Institutions such as the school, the family, the joint stock company, the political party, the state and its bureaucracy owe their robustness and proclaimed timelessness to the fact that we cannot tell who ‘invented’ them. In that sense, ‘fatherlessness’ is an asset, as is the myth of parthenogenesis in the case of the founder of Christianity. Similarly, human reason itself, rather than some personal founder, is held to be… the source of the state as an institution.
The corporation (nee joint stock company) has actually not quite achieved that kind of timelessness yet, I don’t think, but it’s getting close. There’s a short, sharp book called The Company by John Micklethwait and Adrian Wooldridge that describes its development from the earliest, lamest incarnations to present day multinationals, and when you see it all laid out it seems anything but inevitable. Micklethwait and Wooldridge are Economist writers and unabashed fans of the corporation, but their telling of its tale is fair.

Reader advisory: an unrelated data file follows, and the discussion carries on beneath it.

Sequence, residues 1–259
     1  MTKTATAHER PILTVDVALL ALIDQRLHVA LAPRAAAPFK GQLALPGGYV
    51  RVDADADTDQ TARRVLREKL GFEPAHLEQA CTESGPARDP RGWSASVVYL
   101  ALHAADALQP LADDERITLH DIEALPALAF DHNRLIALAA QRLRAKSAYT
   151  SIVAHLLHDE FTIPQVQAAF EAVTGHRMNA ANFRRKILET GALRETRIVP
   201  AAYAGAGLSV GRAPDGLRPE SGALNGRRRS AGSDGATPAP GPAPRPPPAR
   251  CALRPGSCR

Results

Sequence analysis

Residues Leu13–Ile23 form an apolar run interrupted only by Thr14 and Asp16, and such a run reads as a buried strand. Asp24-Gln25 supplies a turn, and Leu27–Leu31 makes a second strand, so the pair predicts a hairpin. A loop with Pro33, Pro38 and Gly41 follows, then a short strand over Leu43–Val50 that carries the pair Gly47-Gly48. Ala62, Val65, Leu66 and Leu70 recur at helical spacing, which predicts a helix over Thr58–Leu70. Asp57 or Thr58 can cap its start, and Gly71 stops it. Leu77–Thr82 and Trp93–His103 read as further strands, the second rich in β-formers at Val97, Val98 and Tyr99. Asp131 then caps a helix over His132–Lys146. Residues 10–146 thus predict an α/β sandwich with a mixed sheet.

Anyway, I’d love to see comparable books for some of those other institutions: The School, The Family, The Party, etc.
I actually do know one of at least one other, which I’ve plugged here before: Home: A Short History of an Idea, by Witold Rybczynski.
P.S. The link is to the blog I read that somewhere, a new favorite.